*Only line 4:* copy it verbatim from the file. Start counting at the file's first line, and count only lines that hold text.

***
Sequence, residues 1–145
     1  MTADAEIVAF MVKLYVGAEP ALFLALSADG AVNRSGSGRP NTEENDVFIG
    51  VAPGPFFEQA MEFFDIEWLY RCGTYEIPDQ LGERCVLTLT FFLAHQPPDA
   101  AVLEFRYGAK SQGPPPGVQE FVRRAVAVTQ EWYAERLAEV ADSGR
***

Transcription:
   101  AVLEFRYGAK SQGPPPGVQE FVRRAVAVTQ EWYAERLAEV ADSGR